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Latitudinal and seasonal effects on growth of the Australian eastern king prawn (Melicertus plebejus)

Lloyd-Jones, Luke R. and Wang, You-Gan and Courtney, Anthony J. and Prosser, Andrew J. and Montgomery, Steven S. (2012) Latitudinal and seasonal effects on growth of the Australian eastern king prawn (Melicertus plebejus). Canadian Journal of Fisheries and Aquatic Sciences, 69 (9). pp. 1525-1538.

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Publisher URL: http://www.nrcresearchpress.com/doi/pdf/10.1139/f2012-072

Abstract

The growth of the Australian eastern king prawn (Melicertus plebejus) is understood in greater detail by quantifying
the latitudinal effect. The latitudinal effect is the change in the species’ growth rate during migration. Mark–recapture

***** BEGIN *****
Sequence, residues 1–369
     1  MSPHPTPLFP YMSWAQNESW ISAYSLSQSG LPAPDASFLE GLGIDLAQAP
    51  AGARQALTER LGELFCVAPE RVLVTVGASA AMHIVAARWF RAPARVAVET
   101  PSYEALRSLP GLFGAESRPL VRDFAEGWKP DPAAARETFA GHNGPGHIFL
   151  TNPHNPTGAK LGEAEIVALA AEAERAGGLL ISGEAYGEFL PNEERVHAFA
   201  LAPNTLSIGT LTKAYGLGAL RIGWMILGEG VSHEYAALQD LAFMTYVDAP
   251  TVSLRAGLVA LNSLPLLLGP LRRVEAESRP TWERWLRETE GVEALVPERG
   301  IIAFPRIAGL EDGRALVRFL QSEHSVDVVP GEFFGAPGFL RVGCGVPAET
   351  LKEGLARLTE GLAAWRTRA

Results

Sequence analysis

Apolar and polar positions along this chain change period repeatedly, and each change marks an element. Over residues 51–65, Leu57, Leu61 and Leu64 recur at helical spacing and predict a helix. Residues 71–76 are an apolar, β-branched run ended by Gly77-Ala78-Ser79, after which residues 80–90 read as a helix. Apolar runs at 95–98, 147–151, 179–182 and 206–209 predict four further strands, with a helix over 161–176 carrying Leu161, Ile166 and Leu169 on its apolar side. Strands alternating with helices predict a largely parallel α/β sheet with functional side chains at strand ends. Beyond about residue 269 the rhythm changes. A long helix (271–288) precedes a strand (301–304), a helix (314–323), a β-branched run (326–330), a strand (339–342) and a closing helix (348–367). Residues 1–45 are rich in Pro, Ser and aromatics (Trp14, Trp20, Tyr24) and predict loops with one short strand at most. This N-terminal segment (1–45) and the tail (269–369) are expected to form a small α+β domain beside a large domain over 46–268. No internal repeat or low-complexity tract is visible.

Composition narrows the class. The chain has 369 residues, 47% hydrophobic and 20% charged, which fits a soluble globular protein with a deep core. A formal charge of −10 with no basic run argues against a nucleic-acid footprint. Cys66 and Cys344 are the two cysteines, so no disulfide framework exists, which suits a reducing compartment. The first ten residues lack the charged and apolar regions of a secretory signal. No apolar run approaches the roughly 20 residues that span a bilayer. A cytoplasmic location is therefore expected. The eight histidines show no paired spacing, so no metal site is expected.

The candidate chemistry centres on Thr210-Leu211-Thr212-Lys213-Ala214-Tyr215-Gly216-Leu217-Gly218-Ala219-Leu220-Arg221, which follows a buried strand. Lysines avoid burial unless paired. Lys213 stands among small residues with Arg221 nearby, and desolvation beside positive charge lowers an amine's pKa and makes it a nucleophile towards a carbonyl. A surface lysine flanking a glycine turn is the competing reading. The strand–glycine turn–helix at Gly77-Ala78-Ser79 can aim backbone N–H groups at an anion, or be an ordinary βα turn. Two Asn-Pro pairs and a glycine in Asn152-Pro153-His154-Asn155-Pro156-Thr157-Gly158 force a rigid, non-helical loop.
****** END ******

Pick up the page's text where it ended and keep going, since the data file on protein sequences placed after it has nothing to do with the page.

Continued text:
data (N = 1635, latitude 22.21°S–34.00°S) presents northerly movement of the eastern king prawn, with New South Wales
prawns showing substantial average movement of 140 km (standard deviation: 176 km) north. A generalized von Bertalanffy
growth model framework is used to incorporate the latitudinal effect together with the canonical seasonal effect. Applying
this method to eastern king prawn mark–recapture data guarantees consistent estimates for the latitudinal and seasonal effects.
For M. plebejus, it was found that growth rate peaks on 25 and 29 January for males and females, respectively; is at a
minimum on 27 and 31 July, respectively; and that the shape parameter, k (per year), changes by –0.0236 and –0.0556 every
1 degree of latitude south increase for males and females, respectively.

Item Type:Article
Business groups:Animal Science
Subjects:Aquaculture and Fisheries > Fisheries > By region or country > Australia
Aquaculture and Fisheries > Fisheries > Fishery research
Deposited On:24 Jul 2013 01:48
Last Modified:07 Jun 2015 15:09

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